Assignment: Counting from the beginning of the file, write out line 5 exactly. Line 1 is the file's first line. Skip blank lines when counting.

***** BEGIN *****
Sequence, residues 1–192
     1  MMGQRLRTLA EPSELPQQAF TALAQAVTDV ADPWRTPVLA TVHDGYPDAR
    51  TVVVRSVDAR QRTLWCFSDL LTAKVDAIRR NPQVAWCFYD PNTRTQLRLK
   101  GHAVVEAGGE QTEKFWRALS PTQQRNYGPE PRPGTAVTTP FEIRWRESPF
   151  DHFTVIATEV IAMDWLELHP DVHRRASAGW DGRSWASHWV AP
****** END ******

   151  DHFTVIATEV IAMDWLELHP DVHRRASAGW DGRSWASHWV AP